Visitors to Grays Harbor are just an hour or so away from a large national park. The southwestern areas of Olympic National Park receive less traffic than the rest of the area, said Barb Maynes, public affairs officers for the National Park Service in a phone interview.
“If visitors are coming from Aberdeen, they have access to a lot of the lesser used areas of the national park,” Maynes said. “Considering travel times from Seattle to Quinault and Queets, it’s the gateway to the quieter areas.”
Visiting the northern side of the Lake
“There’s a lot to do in the Quinault area. You can easily spend a whole day just exploring this area,” said Maynes.
The northern shore of the Lake is part of the Olympic National Park.
The Quinault Rainforest Visitor Center contains several exhibits on the history of the area, rainforest and local sites.
Park rangers are available to help answer any questions visitors may have. There is also information on lodging and activities in the area
Drivers can use the Quinault Loop through dense forest to catch a glimpse of historic homes.
Those who would rather walk can take a 1.3-mile-long loop to the Kestner Homestead and take a closer look at the rustic homes.
“At Kestner Homestead, visitors can take a look at how difficult it is to clear and maintain the land in this area,” Maynes said. “It’s a rainforest, so vegetation tends to grow back in very quickly.”
The Maple Glade trail is a half-mile path beginning at the ranger station and weaving through a glade of big leaf maple trees.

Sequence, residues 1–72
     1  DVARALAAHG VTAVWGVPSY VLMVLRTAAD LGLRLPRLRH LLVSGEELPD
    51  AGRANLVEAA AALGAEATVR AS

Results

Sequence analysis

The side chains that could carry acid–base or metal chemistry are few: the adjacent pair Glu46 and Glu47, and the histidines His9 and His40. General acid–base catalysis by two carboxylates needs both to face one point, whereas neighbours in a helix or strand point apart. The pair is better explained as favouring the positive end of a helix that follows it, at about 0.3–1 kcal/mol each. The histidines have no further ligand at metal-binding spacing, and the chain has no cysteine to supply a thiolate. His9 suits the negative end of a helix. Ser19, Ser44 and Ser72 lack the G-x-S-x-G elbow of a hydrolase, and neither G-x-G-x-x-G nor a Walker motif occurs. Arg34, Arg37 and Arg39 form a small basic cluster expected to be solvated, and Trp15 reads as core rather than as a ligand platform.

The Quinault Big Cedar trail is a short but elevated walk that takes visitors up to an ancient cedar tree.
Visitors who want to stay overnight can book a space at the Quinault Lodge.
July Creek offers a picnic area surrounded by old growth trees on one side and the lake on the other.
For the more adventurous drivers, gravel paths lead to more wild area.
The 16-mile North Fork River Trail ends in a large campground.
The East Fork Quinault River leads to the Enchanted Chalet, where there are more camping, fishing and hiking areas.
Graves Creek Road ends in an area with 30 campsites.
Wilderness permits are required for overnight backpacking.
What you can find here: campsites, restrooms, picnic tables, hiking, ranger station/info, wildlife, lodging
A trip to the beach
South Beach is a camping area for RVs with hookups but no extra facilities.
About 35 miles north of Quinault is Kalaloch, which has more direct beach access. A ranger station provides information and guides on the area. The Kalaloch Lodge has 20 guest rooms of varying size — from suite to small one bedroom. They overlook the ocean. Access to the beach below is steep, which makes it not accessible for people with disabilities. A little further north are tidepools and more open areas. The park is open year round and is a popular place to stay overnight, Maynes said. For those with time, the Hoh Rain Forest is just 45-minutes away.
What you can find here: campsites, lodging, restrooms, wildlife, hiking, RV parking (at South Beach)
The sheltered forest
Queets is just 30 miles away from Kalaloch.
“It’s a rainforest valley that is underdeveloped compared to Quinault, but doesn’t have as many visitor resources,” Maynes said.
The Upper Queets leads to the 16-mile-long Queets River Trail, which leads to a large Douglas-fir tree. A dirt and gravel road leads through the forested area. There is a campground with pit toilets but no running water or toilets. The roads here are often narrow, making it dangerous to drive on with logging traffic.
What you can find here: campsites, hiking
A glimpse into the mountains
For those who don’t mind a long drive and want a bit of mountainous journey, there is Staircase, a heavily wooded area that’s not rain forest and provides short hikes with views of the mountains.
“If you were to do a pretty advanced hike on the steeper trails, you can get into the higher country and more mountainous areas,” Maynes said.
Staircase is 126 miles away from Lake Quinault, and could make for a long day trip.
What you can find here: campsites, hiking, ranger station/info, restrooms, picnic area
Wilderness permits required for overnight stays
Individual (bike or foot): $5
Annual Pass: $30